TEM analysis of samples 01 and 02 reveals an almost polycrystalline morphology (Figures 3(a), 3(b)). The nanoparticles show coalescent features. Cross-linked chains may be sometimes observed. An estimation of the particle mean sizes gives about 4.5 and 6 nm for samples 01 and 02, respectively.

The reflections revealed by the SAED analysis (Figure 4) may be attributed to a cubic structure of the iron oxide, namely, maghemite/magnetite. The strong diffraction ring at 0.25 nm may be noticed. Although difficult to distinguish between these phases from electron diffraction patterns alone, it is probable that maghemite prevails by referring to XRD results (see, e.g., the value of the estimated lattice parameter a in Table 1). Increased crystallinity seems to characterize the nanomaterial obtained at higher laser power. This can be considered as a consequence of both the higher temperature gradients in the reactions zone and the fast quenching of the condensed nanoparticles in the condensation zone. As revealed by the characterization methods employed, this process greatly favors maghemite phase in powders.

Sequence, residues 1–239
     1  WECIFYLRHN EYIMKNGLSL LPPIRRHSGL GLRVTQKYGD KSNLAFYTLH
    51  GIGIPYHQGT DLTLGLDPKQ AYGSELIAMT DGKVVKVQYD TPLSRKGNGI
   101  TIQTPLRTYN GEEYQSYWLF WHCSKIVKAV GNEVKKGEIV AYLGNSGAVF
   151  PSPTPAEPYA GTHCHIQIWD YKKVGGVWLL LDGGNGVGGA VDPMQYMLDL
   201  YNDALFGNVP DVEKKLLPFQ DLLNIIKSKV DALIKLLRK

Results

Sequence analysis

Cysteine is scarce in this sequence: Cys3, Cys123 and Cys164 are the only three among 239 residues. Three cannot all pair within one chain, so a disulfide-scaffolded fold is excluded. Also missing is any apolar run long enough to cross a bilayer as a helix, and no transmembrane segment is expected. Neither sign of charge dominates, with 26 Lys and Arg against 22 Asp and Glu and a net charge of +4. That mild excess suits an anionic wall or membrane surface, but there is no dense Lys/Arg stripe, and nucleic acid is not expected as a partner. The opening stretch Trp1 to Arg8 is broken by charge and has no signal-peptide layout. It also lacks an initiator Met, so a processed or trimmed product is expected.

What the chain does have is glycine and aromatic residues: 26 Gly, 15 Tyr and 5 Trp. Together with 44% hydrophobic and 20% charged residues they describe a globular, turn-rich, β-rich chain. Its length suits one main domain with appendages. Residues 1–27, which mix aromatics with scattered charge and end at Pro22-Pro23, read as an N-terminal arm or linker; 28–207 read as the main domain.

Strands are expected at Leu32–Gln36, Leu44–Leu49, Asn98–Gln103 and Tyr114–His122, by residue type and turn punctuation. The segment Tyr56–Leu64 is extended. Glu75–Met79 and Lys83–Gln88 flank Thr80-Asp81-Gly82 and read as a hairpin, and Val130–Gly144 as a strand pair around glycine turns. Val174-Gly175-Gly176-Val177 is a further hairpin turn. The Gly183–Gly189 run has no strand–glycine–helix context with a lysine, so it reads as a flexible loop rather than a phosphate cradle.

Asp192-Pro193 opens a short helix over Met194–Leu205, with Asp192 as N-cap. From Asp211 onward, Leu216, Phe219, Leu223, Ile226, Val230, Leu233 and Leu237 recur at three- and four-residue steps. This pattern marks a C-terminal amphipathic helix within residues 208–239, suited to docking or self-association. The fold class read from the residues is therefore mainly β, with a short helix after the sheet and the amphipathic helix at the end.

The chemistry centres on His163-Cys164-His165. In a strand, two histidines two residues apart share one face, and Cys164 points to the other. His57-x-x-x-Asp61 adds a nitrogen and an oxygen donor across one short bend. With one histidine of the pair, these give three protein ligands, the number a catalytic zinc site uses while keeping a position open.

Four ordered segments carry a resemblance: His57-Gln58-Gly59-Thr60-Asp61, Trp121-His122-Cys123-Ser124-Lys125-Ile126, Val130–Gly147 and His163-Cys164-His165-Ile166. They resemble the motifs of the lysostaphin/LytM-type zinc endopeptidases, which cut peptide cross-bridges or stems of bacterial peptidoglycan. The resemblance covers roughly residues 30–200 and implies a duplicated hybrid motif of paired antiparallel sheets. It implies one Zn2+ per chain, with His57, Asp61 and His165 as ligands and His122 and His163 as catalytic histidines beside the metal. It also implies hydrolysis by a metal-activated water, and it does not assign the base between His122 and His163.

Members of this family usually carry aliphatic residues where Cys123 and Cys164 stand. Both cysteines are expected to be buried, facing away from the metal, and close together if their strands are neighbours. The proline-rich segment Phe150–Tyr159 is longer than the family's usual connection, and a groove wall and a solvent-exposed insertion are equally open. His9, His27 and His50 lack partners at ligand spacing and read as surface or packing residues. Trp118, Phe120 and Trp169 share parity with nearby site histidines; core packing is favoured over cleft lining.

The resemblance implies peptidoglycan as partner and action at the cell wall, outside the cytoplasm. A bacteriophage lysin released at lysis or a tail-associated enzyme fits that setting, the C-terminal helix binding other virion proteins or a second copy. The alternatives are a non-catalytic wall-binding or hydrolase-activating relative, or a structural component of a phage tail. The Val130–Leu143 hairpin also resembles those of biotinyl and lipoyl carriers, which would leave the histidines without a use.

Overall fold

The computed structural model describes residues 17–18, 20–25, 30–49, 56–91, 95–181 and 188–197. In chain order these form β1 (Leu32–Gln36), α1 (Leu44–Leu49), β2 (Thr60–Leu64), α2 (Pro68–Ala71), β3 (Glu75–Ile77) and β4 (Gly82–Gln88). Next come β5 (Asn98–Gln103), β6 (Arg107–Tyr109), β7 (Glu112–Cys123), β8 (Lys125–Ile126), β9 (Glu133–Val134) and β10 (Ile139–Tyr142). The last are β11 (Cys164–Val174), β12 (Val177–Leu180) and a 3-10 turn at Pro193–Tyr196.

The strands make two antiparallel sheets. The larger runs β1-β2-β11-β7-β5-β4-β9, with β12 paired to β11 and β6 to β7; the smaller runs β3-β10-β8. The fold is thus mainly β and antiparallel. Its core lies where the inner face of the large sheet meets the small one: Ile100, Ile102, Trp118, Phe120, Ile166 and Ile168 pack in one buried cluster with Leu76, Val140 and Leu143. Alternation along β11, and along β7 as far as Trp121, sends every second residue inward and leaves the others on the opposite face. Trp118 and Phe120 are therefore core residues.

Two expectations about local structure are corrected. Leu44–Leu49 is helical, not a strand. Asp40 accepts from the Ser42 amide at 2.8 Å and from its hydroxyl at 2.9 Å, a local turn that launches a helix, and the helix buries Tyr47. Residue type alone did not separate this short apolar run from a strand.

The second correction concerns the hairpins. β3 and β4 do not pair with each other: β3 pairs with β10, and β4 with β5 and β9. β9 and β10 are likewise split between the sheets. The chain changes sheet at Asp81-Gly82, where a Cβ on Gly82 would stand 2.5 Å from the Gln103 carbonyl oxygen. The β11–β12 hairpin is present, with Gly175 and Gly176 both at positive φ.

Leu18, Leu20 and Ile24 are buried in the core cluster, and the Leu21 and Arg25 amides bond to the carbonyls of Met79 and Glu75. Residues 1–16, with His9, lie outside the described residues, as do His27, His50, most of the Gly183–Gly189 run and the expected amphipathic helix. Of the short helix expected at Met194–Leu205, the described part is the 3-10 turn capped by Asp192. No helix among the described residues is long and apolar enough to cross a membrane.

HRTEM analysis was performed on many different domains of the nanopowders and is presented in Figure 5. Nanocrystals with different orientation and mean diameters of about 5-6 nm are displayed in Figure 5(a). From the indicated squarish areas, the Fourier transform images are presented as insets. The left-side and the right-side groups of nanocrystals in Figure 5(a) display characteristics of the cubic structure of a maghemite crystal. The lattice fringes, corresponding to the (113) ( = 0.253 nm) and to the (220) ( = 0.313 nm) planes, are evidenced. A small distribution of d-values is caused by the imperfect crystallographic structure, probably due to the quenching of the material when leaving the reaction zone. The HRTEM image of Figure 5(b) presents agglomerated nanocrystals. They seem to be surrounded by an amorphous layer.